Monday, July 15, 2024

South Korea to acquire new airborne early warning and control aircraft

South Korea’s Defense Project Promotion Committee approved on 26 June plans to acquire more airborne early warning and control (AEW&C) aircraft from overseas as part of efforts to beef up its aerial surveillance capabilities, the arms procurement agency said.

In a statement presented by the Defense Acquisition Program Administration (DAPA), said that the country will launch the project next year to introduce more aircraft from overseas by 2027, rather than developing one at home, with a budget of 1.59 trillion won (US$1.32 billion).

According to the statement, the South Korean military has been pushing to buy two more early warning aircraft. Currently, the Air Force operates four Boeing E-737 AEW&C  since 2011.


“The project aims to better counter growing security threats by neighboring countries and to minimize possible surveillance vacuums,” a DAPA official said.

The AEW&C equipped with the multi-role electronically scanned array (MESA) radar includes two side-looking arrays, as well as a top-hat array that uses “endfire” techniques to steer the radar beam forward and aft of the aircraft.

According to DAPA, a single aircraft able to monitor the entire Korean peninsula. It can track up to 1,000 airborne or surface targets simultaneously, while also directing combat operations. It carries a flight crew of two and a mission crew of six to 10.

The committee also approved a project to secure advanced Baekdu reconnaissance aircraft. The plan will be pushed for between 2021 and 2026 with 870 billion won, according to the DAPA.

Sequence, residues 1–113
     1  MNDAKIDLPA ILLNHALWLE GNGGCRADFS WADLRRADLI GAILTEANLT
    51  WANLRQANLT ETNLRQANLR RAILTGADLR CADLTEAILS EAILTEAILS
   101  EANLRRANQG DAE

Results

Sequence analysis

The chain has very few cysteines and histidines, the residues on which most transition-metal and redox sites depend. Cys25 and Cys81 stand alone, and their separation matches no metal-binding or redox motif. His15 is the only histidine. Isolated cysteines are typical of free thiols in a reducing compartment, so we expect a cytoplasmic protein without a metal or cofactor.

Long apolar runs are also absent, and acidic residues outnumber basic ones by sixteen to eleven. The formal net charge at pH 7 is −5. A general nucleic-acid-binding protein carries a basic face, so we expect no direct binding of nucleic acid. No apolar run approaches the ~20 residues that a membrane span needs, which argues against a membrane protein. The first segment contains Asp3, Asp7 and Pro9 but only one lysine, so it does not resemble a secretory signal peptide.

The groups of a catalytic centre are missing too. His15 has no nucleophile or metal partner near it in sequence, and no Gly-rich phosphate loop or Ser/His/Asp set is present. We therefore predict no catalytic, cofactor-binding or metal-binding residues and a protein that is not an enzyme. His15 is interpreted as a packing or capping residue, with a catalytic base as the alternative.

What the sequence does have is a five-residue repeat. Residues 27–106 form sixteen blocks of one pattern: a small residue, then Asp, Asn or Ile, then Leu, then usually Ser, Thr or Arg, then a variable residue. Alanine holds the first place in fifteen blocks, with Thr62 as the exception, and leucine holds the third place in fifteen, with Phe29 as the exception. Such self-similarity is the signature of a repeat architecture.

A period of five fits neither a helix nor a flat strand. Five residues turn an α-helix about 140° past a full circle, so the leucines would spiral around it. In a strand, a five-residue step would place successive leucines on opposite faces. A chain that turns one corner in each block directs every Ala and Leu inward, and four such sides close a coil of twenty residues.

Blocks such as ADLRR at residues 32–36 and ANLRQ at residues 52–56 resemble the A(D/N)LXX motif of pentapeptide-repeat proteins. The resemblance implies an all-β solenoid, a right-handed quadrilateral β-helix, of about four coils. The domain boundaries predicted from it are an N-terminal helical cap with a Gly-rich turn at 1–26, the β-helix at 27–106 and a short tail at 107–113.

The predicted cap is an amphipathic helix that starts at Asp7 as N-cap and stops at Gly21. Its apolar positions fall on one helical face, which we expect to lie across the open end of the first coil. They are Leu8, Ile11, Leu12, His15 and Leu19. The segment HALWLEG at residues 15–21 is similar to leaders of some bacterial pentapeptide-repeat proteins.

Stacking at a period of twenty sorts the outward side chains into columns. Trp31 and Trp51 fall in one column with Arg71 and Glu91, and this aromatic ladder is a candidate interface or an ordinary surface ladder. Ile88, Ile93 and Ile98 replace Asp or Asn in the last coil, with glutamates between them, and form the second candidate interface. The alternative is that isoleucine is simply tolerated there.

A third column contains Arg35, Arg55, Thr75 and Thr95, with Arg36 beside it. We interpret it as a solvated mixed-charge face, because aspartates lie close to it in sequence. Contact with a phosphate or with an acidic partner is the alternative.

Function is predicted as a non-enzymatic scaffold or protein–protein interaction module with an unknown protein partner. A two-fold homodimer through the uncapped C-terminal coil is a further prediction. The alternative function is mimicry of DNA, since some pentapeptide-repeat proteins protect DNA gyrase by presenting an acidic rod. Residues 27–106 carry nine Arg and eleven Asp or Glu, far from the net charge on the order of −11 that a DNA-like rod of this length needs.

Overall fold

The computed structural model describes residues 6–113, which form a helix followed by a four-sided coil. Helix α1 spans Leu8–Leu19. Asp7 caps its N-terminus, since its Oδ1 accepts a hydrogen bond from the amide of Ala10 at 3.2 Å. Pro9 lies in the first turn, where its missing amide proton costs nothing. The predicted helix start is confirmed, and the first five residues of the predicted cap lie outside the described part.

Equipped with a remote control and signaling system, the Baekdu spy planes are supposed to carry out missions to gather signal intelligence from North Korea.

Currently, the military operates six units and seeks to replace four of them with advanced ones, according to the DAPA.

“After buying platforms from overseas, we will equip them with indigenous systems,” a DAPA official said. “The upgraded units are expected to improve our SIGINT capabilities.”

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Executive Editor

About author:

Dylan Malyasov
Dylan Malyasov
Dylan Malyasov is the editor-in-chief of Defence Blog. He is a journalist, an accredited defense advisor, and a consultant. His background as a defense advisor and consultant adds a unique perspective to his journalistic endeavors, ensuring that his reporting is well-informed and authoritative. read more



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